Lost Impact Craters in Low-Impedance Materials
The research discussed in the Poster Abstract, below, by Schultz and Stickle, explains how shallow angle of incidence (oblique) impacts generate "impact" structures that are significantly different from the classic, better understood, crater planforms. Our proposed Saginaw impactor, being delivered on a near-tangential trajectory, would have generated an impact at angles of less than 5 degrees. The craters generated would be manifested as a quite shallow, elongated oval. The experiments using the NASA Ames Vertical Gun Range, were limited in scope, as the gun's lower limit of rotation is 15 degrees.
P. H. Schultz; A. M. Stickle
1. Department of Geological Sciences, Brown University, Providence, RI, USA.
The absence of a clearly identified crater (or craters) for the proposed YDB impact has raised questions concerning the reality of such an event. Geologic studies have identified impact deposits well before recognizing a causative crater (e.g., Chicxulub and Chesapeake Bay); some have yet to be discovered (e.g., Australasian tektite strewnfields). The absence of a crater, therefore, cannot be used as an argument against the reality of the YDB impact (and its possible consequences). The study here addresses how a large on-land impact during the late Pleistocene or early Holocene could avoid easy detection today. It does not argue the case for a YDB impact, since such evidence must come from the rock record.
During the late Pleistocene, the receding Laurentide ice sheet still covered a significant portion of Canada. While a large (1km) body impacting vertically (90°) would penetrate such a lowimpedance ice layer and excavate the substrate, an oblique impact couples more of its energy into the surface layer, thereby partially shielding the substrate. Three approaches address the effectiveness of this flak-jacket effect. First, hypervelocity impact experiments at the NASA Ames Vertical Gun Range investigated the effectiveness of low-impedance layers of different thicknesses for mitigating substrate damage. Second, selected experiments were compared with hydrocode models (see Stickle and Schultz, this volume) and extended to large scales. Third, comparisons were made with relict craters found in eroding sediment and ice covers on Mars.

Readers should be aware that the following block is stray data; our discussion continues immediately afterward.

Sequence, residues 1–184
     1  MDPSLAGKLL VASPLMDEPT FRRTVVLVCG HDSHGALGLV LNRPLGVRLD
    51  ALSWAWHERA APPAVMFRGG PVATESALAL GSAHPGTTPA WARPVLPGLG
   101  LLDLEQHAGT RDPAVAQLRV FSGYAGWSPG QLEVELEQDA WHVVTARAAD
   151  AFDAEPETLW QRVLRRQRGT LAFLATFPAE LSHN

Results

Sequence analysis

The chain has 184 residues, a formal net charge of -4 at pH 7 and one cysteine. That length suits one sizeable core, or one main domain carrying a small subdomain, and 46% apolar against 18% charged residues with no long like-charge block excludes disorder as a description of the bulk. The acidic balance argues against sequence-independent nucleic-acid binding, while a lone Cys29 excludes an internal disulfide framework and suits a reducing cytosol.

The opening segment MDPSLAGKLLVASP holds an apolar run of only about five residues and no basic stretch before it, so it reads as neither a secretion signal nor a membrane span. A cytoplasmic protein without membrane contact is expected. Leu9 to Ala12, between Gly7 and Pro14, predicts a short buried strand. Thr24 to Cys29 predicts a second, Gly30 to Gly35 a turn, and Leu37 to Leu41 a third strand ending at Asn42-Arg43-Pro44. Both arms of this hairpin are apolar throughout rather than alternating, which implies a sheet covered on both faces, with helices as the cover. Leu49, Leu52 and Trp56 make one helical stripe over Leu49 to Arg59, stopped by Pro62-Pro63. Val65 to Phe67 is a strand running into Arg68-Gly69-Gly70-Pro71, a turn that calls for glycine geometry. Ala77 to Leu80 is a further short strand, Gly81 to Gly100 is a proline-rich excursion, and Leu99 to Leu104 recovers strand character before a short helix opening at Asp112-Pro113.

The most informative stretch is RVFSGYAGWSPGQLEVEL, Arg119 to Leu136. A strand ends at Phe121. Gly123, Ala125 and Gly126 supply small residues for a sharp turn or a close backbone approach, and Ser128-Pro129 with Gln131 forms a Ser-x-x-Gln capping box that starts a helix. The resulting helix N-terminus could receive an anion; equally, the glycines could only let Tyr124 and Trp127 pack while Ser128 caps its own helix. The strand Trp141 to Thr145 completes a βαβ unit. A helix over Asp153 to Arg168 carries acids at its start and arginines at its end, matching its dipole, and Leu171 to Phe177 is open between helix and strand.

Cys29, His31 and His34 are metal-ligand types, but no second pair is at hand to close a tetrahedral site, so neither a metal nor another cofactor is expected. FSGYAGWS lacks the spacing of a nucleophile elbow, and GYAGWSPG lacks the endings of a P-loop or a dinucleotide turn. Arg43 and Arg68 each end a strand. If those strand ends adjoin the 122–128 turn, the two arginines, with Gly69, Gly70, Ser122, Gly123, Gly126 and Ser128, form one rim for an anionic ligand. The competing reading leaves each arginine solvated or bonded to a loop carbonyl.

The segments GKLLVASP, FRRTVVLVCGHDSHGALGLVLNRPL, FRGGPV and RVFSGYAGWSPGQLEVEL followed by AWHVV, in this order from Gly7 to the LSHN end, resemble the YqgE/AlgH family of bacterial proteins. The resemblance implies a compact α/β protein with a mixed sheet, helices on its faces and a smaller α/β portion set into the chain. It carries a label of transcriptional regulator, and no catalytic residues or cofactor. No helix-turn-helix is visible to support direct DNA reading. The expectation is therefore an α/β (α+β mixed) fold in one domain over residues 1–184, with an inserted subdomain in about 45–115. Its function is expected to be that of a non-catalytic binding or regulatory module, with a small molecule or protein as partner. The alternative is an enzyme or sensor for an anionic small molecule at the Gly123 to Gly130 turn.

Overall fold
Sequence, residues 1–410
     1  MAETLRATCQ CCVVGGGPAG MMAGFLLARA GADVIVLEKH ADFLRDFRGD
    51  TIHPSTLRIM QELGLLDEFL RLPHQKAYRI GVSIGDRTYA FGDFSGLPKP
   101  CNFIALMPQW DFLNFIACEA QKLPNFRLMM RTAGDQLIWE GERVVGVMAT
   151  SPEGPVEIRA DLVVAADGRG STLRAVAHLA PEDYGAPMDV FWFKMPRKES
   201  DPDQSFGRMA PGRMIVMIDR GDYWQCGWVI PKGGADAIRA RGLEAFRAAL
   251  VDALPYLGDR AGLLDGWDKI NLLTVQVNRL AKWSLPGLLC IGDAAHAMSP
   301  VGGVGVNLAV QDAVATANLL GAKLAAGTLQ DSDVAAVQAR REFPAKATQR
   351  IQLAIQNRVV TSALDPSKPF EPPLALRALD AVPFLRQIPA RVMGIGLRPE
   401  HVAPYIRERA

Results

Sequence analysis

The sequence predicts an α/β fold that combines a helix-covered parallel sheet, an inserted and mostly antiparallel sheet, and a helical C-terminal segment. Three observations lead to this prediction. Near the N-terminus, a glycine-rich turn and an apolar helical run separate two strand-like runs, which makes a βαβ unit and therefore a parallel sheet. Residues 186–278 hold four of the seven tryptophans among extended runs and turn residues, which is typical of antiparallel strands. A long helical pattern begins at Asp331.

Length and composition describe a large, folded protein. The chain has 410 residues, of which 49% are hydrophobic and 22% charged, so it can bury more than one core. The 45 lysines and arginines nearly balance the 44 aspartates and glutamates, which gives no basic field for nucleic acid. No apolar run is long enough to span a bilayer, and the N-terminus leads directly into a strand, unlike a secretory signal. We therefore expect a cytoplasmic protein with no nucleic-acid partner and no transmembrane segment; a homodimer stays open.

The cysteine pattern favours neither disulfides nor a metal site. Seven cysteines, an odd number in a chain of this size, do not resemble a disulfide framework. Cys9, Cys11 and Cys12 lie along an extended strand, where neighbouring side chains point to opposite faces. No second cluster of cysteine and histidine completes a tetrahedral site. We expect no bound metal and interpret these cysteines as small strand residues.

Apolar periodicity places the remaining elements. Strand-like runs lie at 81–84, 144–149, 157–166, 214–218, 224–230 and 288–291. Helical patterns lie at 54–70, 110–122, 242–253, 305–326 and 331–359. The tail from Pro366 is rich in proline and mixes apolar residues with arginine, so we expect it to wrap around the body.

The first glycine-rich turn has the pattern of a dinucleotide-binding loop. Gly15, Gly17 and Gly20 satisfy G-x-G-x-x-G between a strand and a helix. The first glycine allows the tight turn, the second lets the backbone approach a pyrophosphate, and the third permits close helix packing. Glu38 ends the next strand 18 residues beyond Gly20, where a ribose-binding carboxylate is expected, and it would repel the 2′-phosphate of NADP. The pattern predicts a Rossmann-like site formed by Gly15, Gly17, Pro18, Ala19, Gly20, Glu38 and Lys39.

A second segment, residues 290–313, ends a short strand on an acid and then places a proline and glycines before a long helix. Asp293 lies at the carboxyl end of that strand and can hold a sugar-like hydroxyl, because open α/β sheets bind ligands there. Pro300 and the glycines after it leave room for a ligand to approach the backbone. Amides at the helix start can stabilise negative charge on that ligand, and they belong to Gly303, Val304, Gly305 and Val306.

Oblique impacts (30 degrees) into soft particulates (no. 24 sand) covering a solid substrate (aluminum) have no effect on the final crater diameter for layer thicknesses exceeding a projectile diameter and result in only plastic deformation in the substrate. In contrast, a vertical impact requires a surface layer at least 3 times the projectile diameter to achieve the same diameter (with significant substrate damage). Oblique impacts into ice and plasticene layers over clear acrylic blocks allow assessing internal damage. These experiments reveal that low-impedance surface layers approaching 1 to 2 projectile diameters effectively shield the substrate from shock damage for impact angles less than 30 degrees.
Missing craters (and relict crater roots) within ice-rich deposits on Mars illustrate the rapid erasure the impact record. Numerous small pedestal craters (crater diameter < 5km) occur at high latitudes and reflect the cyclic expansion and disappearance of polar ice/dust deposits up to 0.5 km thick. Much larger examples (> 50km), however, occur at low latitudes but are localized in certain regions where even thicker deposits (locally >2km) have been removed, uncovering a preserved Noachian landscape. Crater statistics further document this missing cratering record.
Thick Pleistocene ice sheets on Earth would have played a similar role for the removal of terrestrial cratering record. We calculate that a crater as large as 15km in diameter formed by an oblique impact could have been effectively erased, except for dispersed ejecta containing shocked impactor relicts and a disturbed substrate. While plausible, evidence for specific missing events (e.g., the proposed YB impact) must be found in still-preserved ice layers and sediments.